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". . . a complex story of greed, corruption and rampant crime linked to the rose business."
Did you ever think a bouquet of roses could destroy an entire ecosystem? In January 2006, filmmaker, naturalist and conservationist Joan Root was shot to death in her bedroom by two masked men armed with AK-47s. Although the crime remains a mystery, most believe she was killed because of her efforts to save Kenya’s Lake Naivasha from environmental destruction caused by horticultural farms.
On assignment for Vanity Fair, author Mark Seal knew nothing about Joan Root, but after three years in Kenya he uncovered a complex story of greed, corruption and rampant crime linked to the rose business.
In his book, Wildflower, Seal chronicles Root’s life. She was born in Nairobi, where her British parents were coffee farmers. Extremely shy, she spent most of her young life with animals, especially treating various wounded species. She married a small-time filmmaker, Alan Root. Together they became pioneers in wildlife films, winning awards. Castle of Clay, about termites, was even nominated for an Oscar. Their successful partnership ended when Alan divorced Joan and remarried. The break-up was tragic for Joan. She returned to Lake Naivasha where she found peace among the animals that roamed around the area.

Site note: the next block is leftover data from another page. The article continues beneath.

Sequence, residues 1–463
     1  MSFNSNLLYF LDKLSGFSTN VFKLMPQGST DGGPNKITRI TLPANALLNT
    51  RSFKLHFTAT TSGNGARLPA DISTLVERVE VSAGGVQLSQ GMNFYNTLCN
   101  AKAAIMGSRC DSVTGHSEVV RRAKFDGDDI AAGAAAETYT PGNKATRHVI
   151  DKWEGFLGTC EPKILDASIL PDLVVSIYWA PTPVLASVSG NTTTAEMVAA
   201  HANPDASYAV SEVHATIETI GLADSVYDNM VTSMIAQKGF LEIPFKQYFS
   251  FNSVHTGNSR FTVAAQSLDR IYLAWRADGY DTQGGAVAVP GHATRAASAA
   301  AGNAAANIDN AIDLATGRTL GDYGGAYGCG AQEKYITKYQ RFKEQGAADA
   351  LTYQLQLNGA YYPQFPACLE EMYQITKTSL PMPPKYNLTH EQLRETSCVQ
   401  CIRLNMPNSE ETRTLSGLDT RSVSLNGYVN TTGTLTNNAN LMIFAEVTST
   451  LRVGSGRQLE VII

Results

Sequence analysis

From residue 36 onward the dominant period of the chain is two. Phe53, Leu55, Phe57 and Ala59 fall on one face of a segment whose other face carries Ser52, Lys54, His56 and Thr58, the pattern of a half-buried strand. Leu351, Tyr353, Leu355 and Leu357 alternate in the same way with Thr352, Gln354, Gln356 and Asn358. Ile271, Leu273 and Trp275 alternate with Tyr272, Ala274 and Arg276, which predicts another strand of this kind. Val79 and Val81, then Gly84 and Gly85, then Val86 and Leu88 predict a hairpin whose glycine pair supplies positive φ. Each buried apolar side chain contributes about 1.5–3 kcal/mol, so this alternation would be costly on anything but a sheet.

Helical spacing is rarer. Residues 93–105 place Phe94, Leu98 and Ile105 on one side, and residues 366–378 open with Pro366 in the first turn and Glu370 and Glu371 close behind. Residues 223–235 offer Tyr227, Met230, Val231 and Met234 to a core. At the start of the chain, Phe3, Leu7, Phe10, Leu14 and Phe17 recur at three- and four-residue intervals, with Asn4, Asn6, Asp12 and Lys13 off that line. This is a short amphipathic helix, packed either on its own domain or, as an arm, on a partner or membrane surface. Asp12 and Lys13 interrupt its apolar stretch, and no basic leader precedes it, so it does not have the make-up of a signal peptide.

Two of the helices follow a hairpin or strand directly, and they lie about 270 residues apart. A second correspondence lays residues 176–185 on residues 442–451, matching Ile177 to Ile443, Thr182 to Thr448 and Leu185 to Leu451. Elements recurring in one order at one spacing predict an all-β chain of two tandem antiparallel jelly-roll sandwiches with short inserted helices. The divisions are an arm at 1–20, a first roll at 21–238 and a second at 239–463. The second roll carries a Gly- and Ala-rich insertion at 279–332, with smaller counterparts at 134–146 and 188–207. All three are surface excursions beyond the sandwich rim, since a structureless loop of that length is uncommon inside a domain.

But as she piloted her small plane around the lake, she watched the explosion of plastic hot houses for roses. From 1970 to 1998, Kenya’s flower export expanded from tenfold from about 3,300 metric tons to more than 30,000 metric tons. Similar to a gold rush, 100,000 people moved to the area for work. “There was a migration as wild and savage as the wildebeest migration Joan and Alan had filmed,” Seal writes. During the off season, “hungry, desperate, and out-of-work men” took to poaching wildlife, over-fishing and polluting the lake.
Distressed in her failed attempts to save the lake, Root helped finance a vigilante group to arrest poachers which may have been the reason she was murdered. Joan’s ex-husband, anxious to have Root’s story told, presented Seal with her diaries, letters, notes, and arranged interviews with friends and acquaintances. Seal, in his matter-of-fact journalist style, writes an intimate and informative story about Joan’s successes in wildlife preservation, her films, and the environmental consequences that come from those lovely roses we get on Valentine’s Day.
Reviewer: Kate Padilla